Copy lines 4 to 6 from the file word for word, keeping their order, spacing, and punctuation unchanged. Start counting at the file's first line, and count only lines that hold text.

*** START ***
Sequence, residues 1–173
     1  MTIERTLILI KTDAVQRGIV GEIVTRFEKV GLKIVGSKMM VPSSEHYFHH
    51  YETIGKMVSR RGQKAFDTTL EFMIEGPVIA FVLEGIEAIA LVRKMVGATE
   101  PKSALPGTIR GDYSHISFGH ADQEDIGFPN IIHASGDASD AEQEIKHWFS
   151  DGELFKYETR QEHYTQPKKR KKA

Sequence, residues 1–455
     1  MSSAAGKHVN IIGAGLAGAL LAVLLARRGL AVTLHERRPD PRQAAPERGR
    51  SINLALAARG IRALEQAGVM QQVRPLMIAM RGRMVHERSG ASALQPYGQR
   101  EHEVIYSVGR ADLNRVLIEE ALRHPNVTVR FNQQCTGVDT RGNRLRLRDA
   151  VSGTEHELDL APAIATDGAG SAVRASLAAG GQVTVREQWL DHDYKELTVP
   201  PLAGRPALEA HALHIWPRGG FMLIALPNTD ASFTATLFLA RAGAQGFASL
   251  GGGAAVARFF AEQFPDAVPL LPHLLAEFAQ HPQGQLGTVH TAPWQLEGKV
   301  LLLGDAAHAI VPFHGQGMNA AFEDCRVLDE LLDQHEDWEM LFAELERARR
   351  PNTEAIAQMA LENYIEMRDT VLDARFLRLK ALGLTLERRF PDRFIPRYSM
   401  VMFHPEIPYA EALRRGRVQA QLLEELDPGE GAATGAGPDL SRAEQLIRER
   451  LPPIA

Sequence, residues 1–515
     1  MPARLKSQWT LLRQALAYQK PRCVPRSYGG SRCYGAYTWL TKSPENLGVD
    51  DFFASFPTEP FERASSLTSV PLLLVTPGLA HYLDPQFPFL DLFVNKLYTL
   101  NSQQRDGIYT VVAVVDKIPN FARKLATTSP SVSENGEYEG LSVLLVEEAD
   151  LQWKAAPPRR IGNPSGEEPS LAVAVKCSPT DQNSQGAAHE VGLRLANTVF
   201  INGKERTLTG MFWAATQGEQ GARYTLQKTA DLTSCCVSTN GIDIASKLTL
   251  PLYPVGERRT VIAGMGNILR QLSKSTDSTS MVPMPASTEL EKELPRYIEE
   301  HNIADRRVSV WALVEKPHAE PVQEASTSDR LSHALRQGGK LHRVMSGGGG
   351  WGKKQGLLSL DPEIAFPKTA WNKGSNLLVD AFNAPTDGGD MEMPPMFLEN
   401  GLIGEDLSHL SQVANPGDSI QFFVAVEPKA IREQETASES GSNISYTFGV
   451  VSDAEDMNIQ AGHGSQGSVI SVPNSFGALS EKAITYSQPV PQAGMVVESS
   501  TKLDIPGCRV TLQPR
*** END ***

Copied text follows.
   101  PKSALPGTIR GDYSHISFGH ADQEDIGFPN IIHASGDASD AEQEIKHWFS
   151  DGELFKYETR QEHYTQPKKR KKA

Sequence, residues 1–455